A Texas federal court, applying Texas law, has held that an original complaint seeking only injunctive relief but alleging negligent conduct constituted a “claim” under an earlier claims-made-and-reported policy and therefore the subsequent amended complaints related back to the original complaint.   NetSpend Corp. v. AXIS Insurance Co., 2014 WL 3568355 (W.D. Tex. July 18, 2014).  Because the insured did not provide notice of the original complaint during the policy period of the earlier policy, there was no coverage for the lawsuit.

The insured sold prepaid, reloadable debit cards to consumers and contracted with third party banks to serve as “issuing banks,” which held the deposited funds and provided the insured access to payment services.  After discovering a $10.5 million “shortfall” in the depository accounts it provided for the insured’s customers, an issuing bank filed suit in July 2012 seeking injunctive relief but not damages.  That same month the issuing bank filed a first amended complaint that added a cause of action for breach of contract.  In September 2012, the issuing back filed a second amended complaint, which included causes of action for breach of fiduciary duty, fraud and negligence.  Thereafter, the insured provided notice of the second amended complaint to its insurer under an August 20, 2012 to August 20, 2013 claims-made-and-reported policy.  The insurer denied coverage for the shortfall litigation based on late notice.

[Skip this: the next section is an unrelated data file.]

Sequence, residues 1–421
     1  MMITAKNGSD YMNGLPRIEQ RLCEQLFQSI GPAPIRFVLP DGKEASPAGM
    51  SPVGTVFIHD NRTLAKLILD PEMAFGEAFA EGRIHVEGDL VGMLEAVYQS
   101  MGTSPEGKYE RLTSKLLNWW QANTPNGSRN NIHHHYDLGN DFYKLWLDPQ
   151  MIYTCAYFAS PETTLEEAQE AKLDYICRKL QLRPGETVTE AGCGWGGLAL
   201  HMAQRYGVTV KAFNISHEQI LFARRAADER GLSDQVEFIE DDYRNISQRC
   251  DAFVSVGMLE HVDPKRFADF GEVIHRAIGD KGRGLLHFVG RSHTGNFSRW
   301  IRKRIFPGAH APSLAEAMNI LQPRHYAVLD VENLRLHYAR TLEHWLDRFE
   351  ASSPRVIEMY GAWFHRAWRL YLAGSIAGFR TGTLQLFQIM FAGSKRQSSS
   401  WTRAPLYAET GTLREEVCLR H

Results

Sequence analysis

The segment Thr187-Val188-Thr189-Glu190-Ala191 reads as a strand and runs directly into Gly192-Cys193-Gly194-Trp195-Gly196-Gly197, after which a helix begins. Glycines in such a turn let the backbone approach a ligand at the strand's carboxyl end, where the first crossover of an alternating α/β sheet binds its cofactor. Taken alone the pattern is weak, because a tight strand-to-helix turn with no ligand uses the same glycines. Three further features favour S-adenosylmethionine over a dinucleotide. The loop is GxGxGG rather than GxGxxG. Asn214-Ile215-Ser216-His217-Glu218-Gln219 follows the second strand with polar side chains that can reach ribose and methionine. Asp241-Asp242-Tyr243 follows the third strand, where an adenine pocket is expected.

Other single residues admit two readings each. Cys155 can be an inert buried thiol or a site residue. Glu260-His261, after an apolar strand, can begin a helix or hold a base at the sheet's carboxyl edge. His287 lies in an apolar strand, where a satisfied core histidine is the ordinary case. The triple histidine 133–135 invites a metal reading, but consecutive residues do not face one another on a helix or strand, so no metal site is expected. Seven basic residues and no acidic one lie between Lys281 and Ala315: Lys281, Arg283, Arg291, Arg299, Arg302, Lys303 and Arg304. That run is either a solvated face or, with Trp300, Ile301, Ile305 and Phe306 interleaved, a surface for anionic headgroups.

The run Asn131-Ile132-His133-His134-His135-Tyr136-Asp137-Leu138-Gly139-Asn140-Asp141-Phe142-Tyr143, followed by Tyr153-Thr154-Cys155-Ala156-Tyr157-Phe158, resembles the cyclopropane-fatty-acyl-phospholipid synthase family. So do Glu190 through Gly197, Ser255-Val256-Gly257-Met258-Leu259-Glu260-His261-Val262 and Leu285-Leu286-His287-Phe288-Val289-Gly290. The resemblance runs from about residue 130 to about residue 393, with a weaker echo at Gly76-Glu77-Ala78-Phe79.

The court agreed with the insurers that the original complaint constituted a claim for a wrongful act notwithstanding that it only sought injunctive relief because it included allegations of negligent conduct sufficient to fall within the definition of wrongful act.  According to the court, the relevant analysis must focus on the allegations “that show the origin of the damages rather than on the legal theories alleged.”  Because the shortfall litigation constituted a claim first made during the earlier policy period for which notice was not provided during the policy period, the court held there was no coverage for the litigation.